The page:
On July 31, 2023, the S&P 500 index closed at 4,588, over 25% higher than its lowest closing value of 3,577 reached on October 12, 2022.1 The official bull market began on October 13, 2022, the day after the bear market ended at its lowest point.
Bull markets tend to last longer than bear markets, and bull gains tend to be greater than bear losses. Since the end of World War II, the average bull market has lasted more than five years with a cumulative gain of 177%. By contrast, the average bear market has lasted about a year with a cumulative loss of 33%.2
Although a bull market is typically a time for celebration by investors, the current bull is being met cautiously. While it is impossible to predict market direction, here are some factors to consider.
Still Lagging the High
One reason the new bull might not seem convincing is that (as of late July) the S&P 500 remains well below the record bull market peak in early January 2022.
The current bull is already nine months old, and it’s unknown how much longer it might take to recover the total bear loss of about 25%. The last bull market regained the pandemic bear loss of 34% in five months and went on to a cumulative gain of 114%. The long bull market that followed the Great Recession took more than four years to recover an even steeper loss of 57%. But that bull kept charging and went on to a gain of 400%.4–5
A Narrow Rally
Another key concern is that the current rally has been driven by large technology companies, which have posted big gains, due in part to excitement over the future of artificial intelligence.7 The S&P 500 is a market-cap-weighted index, which means that companies with larger market capitalization (number of shares multiplied by share price) have an outsized effect on index performance. As of May 31, the ten biggest companies — including eight technology companies — accounted for more than 30% of index value.8 Fewer than one out of four S&P 500 stocks have beaten the index in 2023, and nearly half have dropped in value. While it is not unusual for a relatively small number of companies to drive a rally, the current situation is more imbalanced than usual, and it remains to be seen whether exuberance for Big Tech will spread to the larger market.9–10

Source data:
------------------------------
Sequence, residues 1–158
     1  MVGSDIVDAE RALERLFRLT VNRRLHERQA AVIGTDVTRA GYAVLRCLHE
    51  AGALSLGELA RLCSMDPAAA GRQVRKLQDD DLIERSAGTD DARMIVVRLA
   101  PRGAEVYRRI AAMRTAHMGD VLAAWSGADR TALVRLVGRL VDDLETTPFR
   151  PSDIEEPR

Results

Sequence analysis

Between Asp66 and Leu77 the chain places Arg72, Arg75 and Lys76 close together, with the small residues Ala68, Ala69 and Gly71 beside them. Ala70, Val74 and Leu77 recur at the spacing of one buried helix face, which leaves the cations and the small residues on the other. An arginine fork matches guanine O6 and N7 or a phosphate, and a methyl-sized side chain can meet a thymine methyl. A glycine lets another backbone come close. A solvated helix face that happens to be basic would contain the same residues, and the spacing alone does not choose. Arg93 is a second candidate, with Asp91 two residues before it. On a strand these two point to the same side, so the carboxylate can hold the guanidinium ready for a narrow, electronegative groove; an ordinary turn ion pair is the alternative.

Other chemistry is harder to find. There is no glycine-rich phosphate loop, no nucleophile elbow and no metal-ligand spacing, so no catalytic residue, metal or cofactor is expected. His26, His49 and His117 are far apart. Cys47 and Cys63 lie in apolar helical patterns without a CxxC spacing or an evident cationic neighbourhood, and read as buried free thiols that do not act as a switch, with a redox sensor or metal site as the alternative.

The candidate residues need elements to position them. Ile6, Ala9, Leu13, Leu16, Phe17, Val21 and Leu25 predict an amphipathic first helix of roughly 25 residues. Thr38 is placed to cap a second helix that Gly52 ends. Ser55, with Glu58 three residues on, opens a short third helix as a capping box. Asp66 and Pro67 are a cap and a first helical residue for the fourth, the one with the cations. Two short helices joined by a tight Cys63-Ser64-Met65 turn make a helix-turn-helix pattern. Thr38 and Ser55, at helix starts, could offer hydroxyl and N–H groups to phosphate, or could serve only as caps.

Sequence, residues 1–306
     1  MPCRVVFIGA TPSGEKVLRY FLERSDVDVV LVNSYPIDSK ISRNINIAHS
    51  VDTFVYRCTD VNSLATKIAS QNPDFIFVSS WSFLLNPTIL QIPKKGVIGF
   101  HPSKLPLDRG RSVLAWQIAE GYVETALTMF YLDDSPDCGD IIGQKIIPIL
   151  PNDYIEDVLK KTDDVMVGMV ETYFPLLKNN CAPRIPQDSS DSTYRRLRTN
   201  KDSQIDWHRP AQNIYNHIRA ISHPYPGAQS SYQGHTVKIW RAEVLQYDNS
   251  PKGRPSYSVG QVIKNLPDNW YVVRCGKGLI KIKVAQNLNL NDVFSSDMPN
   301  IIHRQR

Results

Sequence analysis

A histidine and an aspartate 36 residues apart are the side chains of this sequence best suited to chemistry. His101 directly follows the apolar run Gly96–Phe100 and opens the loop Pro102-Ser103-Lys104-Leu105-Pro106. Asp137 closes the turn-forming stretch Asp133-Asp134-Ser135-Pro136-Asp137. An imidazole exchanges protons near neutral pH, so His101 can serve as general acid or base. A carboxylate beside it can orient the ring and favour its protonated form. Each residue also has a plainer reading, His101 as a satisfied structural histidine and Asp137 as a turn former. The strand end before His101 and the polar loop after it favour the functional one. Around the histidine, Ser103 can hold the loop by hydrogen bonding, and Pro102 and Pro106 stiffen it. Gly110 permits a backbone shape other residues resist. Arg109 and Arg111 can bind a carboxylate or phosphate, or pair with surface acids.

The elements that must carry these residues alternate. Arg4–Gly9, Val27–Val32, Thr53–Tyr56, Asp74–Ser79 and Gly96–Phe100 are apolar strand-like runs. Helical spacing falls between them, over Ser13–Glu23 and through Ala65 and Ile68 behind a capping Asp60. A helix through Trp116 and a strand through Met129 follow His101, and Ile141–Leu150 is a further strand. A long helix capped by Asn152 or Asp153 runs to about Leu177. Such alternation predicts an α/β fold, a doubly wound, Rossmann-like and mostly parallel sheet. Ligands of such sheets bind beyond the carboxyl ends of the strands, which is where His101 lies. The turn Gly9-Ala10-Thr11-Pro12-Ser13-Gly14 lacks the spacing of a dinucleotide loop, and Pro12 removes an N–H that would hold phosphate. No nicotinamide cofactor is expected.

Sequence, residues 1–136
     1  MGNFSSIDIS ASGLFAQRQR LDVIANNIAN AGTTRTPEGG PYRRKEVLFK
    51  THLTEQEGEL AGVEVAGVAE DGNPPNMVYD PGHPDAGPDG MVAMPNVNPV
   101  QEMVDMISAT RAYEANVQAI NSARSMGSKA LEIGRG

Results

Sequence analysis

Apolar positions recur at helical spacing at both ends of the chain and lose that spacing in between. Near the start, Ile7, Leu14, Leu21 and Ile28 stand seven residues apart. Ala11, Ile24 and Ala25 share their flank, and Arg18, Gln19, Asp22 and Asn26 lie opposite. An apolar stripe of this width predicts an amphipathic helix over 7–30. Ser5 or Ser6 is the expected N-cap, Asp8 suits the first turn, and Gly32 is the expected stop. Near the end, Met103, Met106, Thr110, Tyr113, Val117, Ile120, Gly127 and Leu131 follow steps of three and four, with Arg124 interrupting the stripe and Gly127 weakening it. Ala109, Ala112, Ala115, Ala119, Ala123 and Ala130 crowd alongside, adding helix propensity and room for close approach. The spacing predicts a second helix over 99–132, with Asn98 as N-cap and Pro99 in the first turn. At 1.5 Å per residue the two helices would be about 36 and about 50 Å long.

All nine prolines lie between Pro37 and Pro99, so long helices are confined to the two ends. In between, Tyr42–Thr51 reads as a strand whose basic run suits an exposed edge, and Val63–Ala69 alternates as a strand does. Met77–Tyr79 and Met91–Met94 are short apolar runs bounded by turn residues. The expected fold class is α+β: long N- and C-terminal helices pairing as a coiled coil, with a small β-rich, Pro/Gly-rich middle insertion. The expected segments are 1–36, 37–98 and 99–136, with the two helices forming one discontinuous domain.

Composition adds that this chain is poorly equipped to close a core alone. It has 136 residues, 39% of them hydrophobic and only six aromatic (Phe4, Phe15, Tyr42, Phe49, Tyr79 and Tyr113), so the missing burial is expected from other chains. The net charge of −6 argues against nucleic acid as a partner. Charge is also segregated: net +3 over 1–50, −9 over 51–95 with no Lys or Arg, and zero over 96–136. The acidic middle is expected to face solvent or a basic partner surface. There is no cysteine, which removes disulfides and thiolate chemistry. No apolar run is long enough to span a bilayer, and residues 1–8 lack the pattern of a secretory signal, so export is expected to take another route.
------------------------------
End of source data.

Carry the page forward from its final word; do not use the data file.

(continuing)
The Market and the Economy
While the stock market sometimes seems to have a mind of its own, it is anchored over the longer term to the U.S. economy, and the current economy continues to send mixed signals. The long-predicted recession has so far failed to materialize, and both consumer spending and the job market remain strong.11 On the other hand, inflation, while improving, is still too high for a healthy economy. Higher interest rates are intended to slow the economy and inflation by making it more expensive for consumers and businesses to borrow, which should slow consumer spending and business growth — and could send the economy into a recession. Although it may seem counterintuitive, bull markets usually begin during a recession, or to look at it another way, the market usually hits bottom while the economy is down and recovers along with the broader economy. Along the same lines, a bull market typically begins when the Fed is lowering interest rates to stimulate the economy, not when it’s raising them to slow it down.13 The current bull will have to buck both trends to sustain momentum.